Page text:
Skip to content
My WebMD Sign In, Sign Up

Mental Health Center

Font Size

Munchausen Syndrome By Proxy

Munchausen syndrome by proxy (MSP) -- or Munchausen by proxy -- is a psychological disorder marked by attention-seeking behavior by a caregiver through those who are in their care.

MSP is a relatively rare behavioral disorder. It affects a primary caretaker, often the mother. The person with MSP gains attention by seeking medical help for exaggerated or made-up symptoms of a child in his or her care. As health care providers strive to identify what's causing the child's symptoms, the deliberate actions of the mother or caretaker can often make the symptoms worse.

Recommended Related to Mental Health

Road Rage: What It Is, How to Avoid It

A year ago, according to news reports, Corrine Leclair-Holler, then 29, was talking on her cellphone while driving in Concord, N.H. Another driver, Carissa Williams, then 23, yelled at her, then pulled ahead. When she reached a freeway on-ramp, Williams stopped her car, got out (leaving her own baby in the car), climbed into Leclair-Holler's car, and shot her with a stun gun -- despite Leclair-Holler's cries that she was pregnant. Leclair-Holler and her baby were fine. Williams was convicted of...

Read the Road Rage: What It Is, How to Avoid It article > >

The person with MSP does not seem to be motivated by a desire for any type of material gain. While health care providers are often unable to identify the specific cause of the child's illness, they may not suspect the mother or caretaker of doing anything to harm the child. In fact the caregiver often appears to be very loving and caring and extremely distraught over her child's illness.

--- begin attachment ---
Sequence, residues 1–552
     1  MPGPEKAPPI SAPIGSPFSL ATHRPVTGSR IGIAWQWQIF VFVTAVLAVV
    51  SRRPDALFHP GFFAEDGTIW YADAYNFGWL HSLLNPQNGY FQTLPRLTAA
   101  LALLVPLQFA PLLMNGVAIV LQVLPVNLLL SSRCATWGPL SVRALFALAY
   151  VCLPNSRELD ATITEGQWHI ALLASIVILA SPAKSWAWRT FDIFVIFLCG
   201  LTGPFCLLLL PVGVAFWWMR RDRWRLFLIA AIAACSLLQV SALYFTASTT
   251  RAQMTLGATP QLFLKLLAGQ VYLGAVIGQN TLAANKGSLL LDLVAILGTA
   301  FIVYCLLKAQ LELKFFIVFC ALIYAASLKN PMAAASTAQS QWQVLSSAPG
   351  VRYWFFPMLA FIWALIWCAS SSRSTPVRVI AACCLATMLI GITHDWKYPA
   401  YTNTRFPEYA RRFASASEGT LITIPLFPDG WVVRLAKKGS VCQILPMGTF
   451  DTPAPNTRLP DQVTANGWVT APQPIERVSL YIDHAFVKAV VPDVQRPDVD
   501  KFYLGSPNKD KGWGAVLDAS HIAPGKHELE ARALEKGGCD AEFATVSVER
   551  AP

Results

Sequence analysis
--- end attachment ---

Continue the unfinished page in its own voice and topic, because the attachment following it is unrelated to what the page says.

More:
People with MSP may create or exaggerate a child's symptoms in several ways. They may simply lie about symptoms, alter tests (such as contaminating a urine sample), falsify medical records, or they may actually induce symptoms through various means, such as poisoning, suffocating, starving, and causing infection.

What Are the Symptoms of Munchausen Syndrome By Proxy?

Certain characteristics are common in a person with MSP, including:

  • Is a parent or caregiver, usually a mother
  • May be a health care professional
  • Is very friendly and cooperative with the health care providers
  • Appears quite concerned (some may seem overly concerned) about their child
  • May suffer from Munchausen syndrome (a related disorder in which a person repeatedly acts as if he or she has a physical or mental illness when he or she is not really sick)

Other possible warning signs of MSP include:

  • The child has a history of many hospitalizations, often with a strange set of symptoms.
  • Worsening of the child's symptoms generally is reported by the mother and is not witnessed by the hospital staff.
  • The child's reported condition and symptoms do not agree with the results of tests.
  • There may be more than one unusual illness or death of children in the family.
  • The child's condition improves in the hospital, but symptoms recur when the child returns home.
  • Blood in lab samples may not match the blood of the child.
  • There may be signs of chemicals in the child's blood, stool, or urine.

What Causes Munchausen Syndrome By Proxy?

The exact cause of MSP is not known, but researchers are looking at the roles of biological and psychological factors in its development. Some theories suggest that a history of abuse or neglect as a child, or the early loss of a parent may be factors in its development. Some evidence suggests that major stress, such as marital problems, can trigger MSP.

WebMD Medical Reference

Today on WebMD

Hands breaking pencil in frustration
Quiz
Woman looking out window
Article
 
woman standing behind curtains
Article
Pet scan depression
Slideshow
 
Woman standing in grass field barefoot, wind blowi
Article
Plate of half eaten cakes
Article
 
Phobias
Slideshow
mother kissing newborn
Slideshow
 
Woman multitasking
Article
thumbnail_tired_woman_yawning
Article
 
colored pencils
VIDEO
Woman relaxing with a dog
Feature
 

WebMD Special Sections